For more than 20 years, Ford’s pickups were essentially rebadged Mazdas, and they were pretty simple, solid vehicles.
However, in 2011 the firm decided to take the job in-house and developed its own version – the Ranger T6 – which upped the level of refinement and gave some welcome extra towing capacity. The gamble clearly paid off, as it quickly became the best-selling pickup in the UK.
From the off, Ford offered buyers two engine options. The most common was a 2.2-litre block borrowed from the Transit van, which developed 135hp in lesser models and 150hp further up the range.
Just one model – the Wildtrak – was fitted with a 3.2-litre five-cylinder, developing a healthy 200hp and 470Nm torque. Post-launch, some Limited models (the next step down in spec) were also fitted with this 3.2 block. The total line-up consisted of XL, XLT, Limited and Wildtrak trim levels.
See also: Pickup test: Ford Ranger Limited
Basic models were offered with just a six-speed manual, the Wildtrak was automatic only and mid-range versions could have either gearbox. In all cases, these trucks have a part-time 4×4 system running through a simple transfer box, meaning they shouldn’t be driven on the road in four-wheel drive.
A generous 3.5t towing capacity and 1.3t payload means the Ranger is a solid workhorse, and cleverly the firm managed to marry this with good road manners. Build quality is fairly decent and they’re not too shabby on the reliability front. However, the 2.2-litre Transit engine does have some problems to watch out for. Auto models with the 3.2-litre block are tough cookies, but they are also heavy on fuel.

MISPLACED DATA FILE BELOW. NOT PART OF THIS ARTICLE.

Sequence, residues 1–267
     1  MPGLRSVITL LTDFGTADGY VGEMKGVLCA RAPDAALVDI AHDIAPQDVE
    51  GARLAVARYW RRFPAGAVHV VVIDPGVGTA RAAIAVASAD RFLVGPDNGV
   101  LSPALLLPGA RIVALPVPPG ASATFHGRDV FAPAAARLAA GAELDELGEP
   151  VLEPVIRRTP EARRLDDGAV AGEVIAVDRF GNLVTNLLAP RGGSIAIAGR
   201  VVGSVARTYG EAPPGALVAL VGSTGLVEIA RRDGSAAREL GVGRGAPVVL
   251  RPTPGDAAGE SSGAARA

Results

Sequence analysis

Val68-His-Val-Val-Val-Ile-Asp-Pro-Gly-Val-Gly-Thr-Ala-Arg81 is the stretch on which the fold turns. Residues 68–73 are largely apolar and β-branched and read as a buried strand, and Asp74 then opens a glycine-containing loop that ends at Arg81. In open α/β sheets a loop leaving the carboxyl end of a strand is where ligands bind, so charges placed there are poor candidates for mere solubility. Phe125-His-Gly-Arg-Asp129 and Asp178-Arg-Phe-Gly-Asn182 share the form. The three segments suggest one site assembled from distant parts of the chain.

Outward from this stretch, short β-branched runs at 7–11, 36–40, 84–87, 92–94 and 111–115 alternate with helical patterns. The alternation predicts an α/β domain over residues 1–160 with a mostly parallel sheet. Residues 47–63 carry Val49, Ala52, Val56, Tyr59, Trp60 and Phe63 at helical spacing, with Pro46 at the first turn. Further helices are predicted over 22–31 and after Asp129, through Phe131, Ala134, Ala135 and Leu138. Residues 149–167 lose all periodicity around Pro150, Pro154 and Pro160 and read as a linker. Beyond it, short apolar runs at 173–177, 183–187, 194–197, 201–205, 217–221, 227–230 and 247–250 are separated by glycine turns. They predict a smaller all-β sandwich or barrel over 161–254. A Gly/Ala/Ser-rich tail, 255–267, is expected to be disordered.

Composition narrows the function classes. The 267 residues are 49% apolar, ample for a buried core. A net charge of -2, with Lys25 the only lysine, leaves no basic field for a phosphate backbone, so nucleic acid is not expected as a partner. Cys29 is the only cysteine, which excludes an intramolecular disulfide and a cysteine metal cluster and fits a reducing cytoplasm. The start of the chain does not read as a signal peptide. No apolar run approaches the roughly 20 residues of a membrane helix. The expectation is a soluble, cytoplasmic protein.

In 2015, the Ranger was given a facelift and some engine modifications. These are known as T7s and were built until 2020, when they were replaced by the T8, which features a 2-litre bi-turbo Ecoblue engine.
As for prices, lower-spec early 2.2-litre T6 models with high mileage start at about £8,000 and the last of the Wildtraks run to more than £20,000. A tidy 3.2 model with less than 100,000 miles on the clock starts at roughly £12,000.
What to look out for
Oil pump failure – 2.2 TDCI
The drive to the oil pump on 2.2-litre engines has been known to shear off and starve it of oil. A top-end engine rattle and oil pressure warning light are the main signs that it’s gone awry, but by the time this happens it can all be too late. Many will have been upgraded, so if buying a truck make sure it’s had one.
Mass air flow (MAF) sensor
Both the 2.2-litre and 3.2-litre engines can have trouble with the mass air flow sensor, which controls the amount of air entering the engine. Symptoms include slow starting, sluggish acceleration and a drop in fuel economy. Replacements can be picked up for less than £50.
Glow plugs – 2.2 TDCI
Glow plugs on the 2.2-litre need to be monitored and changed regularly. If they go wrong and the engine ECU senses that there’s an open circuit then it won’t allow the DPF regeneration cycle to run. Replacements only cost about £20 each.
Turbo actuator – 2.2 TDCI
Hella electronic actuators can play up and, annoyingly, they’re calibrated to individual turbos and aren’t interchangeable. New units cost £500 to £600, but it is now possible to get the original actuator repaired by firms such as ECU Testing, based in Derby, for about £250.
Oil pump purging – 3.2 TDCI
The 3.2-litre engine uses a constant-pressure pump that doesn’t self-prime. If the sump is left to drain for more than 10 minutes, there’s serious risk that oil will seep out of the pump and the engine won’t be properly lubricated.
If this happens, there’s an elaborate procedure to prime the pump that involves some specialist equipment. For these reasons, oil changes are probably best left to those who know what they’re doing.
Engine: 2.2-litre, four-cylinder TDCI
Power: 135hp to 150hp
Torque: 320Nm to 375Nm
Engine: 3.2-litre, five-cylinder TDCI
Transmission options: Six-speed manual or six-speed auto
Towing capacity: 3.5t
*Expect some variation in specification throughout the build run